Bringing the words to the page

posted in: The Journey | 4

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I started writing poetry out of yearning. As a gawky, awkward teenager, I scribbled love poems into a spiral-ring notebook with an owl on the cover. To whom were these addressed? No one in particular, just some romantic dark-haired stranger who would appreciate my use of the words “indigo” and “luminous.”

I understood from reading poetry that in some ways a poem is a spell, a method of bringing forth a person or a place with words carefully chosen. My early poems were spells to conjure this mystery man who would sweep me out of my boring existence and into some enchanted life of passionate adventure. I might even be late for Algebra class.

I still think that love is one of the strongest engines that can power poetry. Many poems of despair are propelled by the absence of love or the harm of someone or something loved. The poet is saying to the reader here is something that I love, let me describe it to you so fully that it will be part of you as well and you will protect it. Or perhaps this is the pain of the destruction or betrayal of the beloved.

Maybe my view of the spark that brings words to page is too simplistic.  Seamus Heaney wrote, “The crucial action is pre-verbal, to be able to allow the first alertness or come-hither, sensed in a blurred or incomplete way, to dilate and approach as a thought or theme or a phrase. Robert Frost puts it this way: ‘A poem beings as a lump in the throat, a homesickness, a lovesickness. It finds the thought and the thought finds the words.’ As far as I am concerned, technique is more vitally and sensitively connected with that first activity where the ‘lump in the throat’ finds the ‘the thought’ than with ‘the thought’ finding ‘the words.’ That first emergence involves the divining, vatic, oracular function; the second, the making function.”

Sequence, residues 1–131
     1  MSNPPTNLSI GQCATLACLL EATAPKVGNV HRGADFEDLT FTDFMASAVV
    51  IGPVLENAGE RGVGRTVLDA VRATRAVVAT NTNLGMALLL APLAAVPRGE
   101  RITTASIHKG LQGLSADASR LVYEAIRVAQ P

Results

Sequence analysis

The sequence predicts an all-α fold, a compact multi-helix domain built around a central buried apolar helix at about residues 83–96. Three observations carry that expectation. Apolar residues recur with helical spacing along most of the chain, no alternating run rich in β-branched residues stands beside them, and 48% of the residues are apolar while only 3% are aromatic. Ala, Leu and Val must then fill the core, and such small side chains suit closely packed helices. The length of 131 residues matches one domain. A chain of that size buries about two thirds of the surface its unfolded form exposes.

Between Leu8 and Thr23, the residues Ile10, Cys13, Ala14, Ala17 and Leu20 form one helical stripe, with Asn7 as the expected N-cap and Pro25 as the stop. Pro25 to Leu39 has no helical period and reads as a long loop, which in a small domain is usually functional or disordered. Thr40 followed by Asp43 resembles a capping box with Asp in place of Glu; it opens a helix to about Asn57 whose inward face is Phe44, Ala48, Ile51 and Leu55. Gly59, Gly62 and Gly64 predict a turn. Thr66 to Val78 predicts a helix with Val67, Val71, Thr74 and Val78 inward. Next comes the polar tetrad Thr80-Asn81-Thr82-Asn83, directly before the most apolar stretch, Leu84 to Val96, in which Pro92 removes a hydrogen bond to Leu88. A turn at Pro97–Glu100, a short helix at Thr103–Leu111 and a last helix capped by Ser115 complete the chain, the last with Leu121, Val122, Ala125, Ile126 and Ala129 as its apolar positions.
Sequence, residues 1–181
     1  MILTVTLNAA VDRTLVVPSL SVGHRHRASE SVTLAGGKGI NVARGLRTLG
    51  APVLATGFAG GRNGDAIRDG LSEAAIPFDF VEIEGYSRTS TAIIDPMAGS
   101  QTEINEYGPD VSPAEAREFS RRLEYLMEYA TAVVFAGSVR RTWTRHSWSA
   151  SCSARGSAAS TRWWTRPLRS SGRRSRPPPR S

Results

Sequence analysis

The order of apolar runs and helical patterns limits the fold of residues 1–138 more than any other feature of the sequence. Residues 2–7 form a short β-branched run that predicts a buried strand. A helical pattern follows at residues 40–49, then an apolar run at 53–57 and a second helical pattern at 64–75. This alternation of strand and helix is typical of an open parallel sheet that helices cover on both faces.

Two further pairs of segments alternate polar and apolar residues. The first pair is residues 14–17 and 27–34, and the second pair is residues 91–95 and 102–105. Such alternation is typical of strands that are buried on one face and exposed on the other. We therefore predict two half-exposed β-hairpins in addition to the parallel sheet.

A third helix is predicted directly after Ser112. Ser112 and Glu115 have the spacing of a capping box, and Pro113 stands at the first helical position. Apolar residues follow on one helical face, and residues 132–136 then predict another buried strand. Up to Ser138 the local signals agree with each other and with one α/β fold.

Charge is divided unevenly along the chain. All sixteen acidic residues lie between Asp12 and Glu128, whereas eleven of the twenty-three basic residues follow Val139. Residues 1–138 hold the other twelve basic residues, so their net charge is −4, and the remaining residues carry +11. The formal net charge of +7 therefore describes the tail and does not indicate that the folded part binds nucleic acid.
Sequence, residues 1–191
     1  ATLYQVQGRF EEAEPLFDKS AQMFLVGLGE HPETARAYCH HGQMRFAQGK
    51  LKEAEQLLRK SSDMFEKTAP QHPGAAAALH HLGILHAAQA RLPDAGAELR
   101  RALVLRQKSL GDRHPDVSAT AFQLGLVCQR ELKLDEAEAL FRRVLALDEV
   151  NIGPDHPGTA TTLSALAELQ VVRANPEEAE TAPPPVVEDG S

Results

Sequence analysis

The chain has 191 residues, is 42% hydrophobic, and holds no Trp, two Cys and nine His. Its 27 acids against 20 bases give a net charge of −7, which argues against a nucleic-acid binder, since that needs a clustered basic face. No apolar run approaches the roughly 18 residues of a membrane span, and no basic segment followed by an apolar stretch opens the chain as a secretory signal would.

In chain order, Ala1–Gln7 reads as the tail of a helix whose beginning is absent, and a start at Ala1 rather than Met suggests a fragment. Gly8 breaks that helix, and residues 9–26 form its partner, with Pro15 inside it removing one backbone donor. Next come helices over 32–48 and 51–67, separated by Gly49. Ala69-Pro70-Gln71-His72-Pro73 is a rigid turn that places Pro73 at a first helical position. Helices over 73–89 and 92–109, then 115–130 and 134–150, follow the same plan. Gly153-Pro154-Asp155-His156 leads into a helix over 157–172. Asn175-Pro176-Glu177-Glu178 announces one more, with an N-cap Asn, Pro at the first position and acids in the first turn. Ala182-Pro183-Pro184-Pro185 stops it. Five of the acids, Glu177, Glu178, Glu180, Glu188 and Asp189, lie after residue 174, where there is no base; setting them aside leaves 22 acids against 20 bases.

Am I so far off the mark to think that love (in all its varieties and vagaries) might be the “lump in the throat”? And if it is, why does our culture seem so invested in cynicism tromping over top of love these days? Why is enthusiasm or passion or adoration so passé? Is it because we worry that we don’t deserve to “have nice things”?

One of the reasons that I envisioned a February online workshop “Writing Love” was my desire to give people tools to connect that “lump in the throat” with the words to express it. Love can look so many different ways, but by creating the spell that honors it, calls to it, invokes it, perhaps we can push away those boundaries of cynicism and darkness. Or at least, I want to. I want to balance the despair with a handful of light, not unthinkingly, not ignoring the breakage, but mindfully choosing to see the beauty as well.


You can still sign up for Writing Love, here on this website. It starts on February 1st and lasts four weeks.

4 Responses

  1. Heather Derr-Smith

    I love this post! We are writing about the same thing this week, love. and your workshop sounds divine!! oh my gosh, Brava! I love what Seamus Heaney says above about dilate/dilation. That’s an amazing word for poetry. And the frost line too. You’ve given me so many little gifts here to think on. Thank you!

  2. Anne Caston

    I believe EVERY poem is a love poem. So there. Let’s be champions of poetry AND love. Thanks for this lovely post, Erin!

  3. Erin

    Thank you, Heather! I’ve been reading a lot of Seamus Heaney’s prose lately and am really inspired by it.

  4. Erin

    Yes! Maybe we should talk about a panel for UAA on love poetry.

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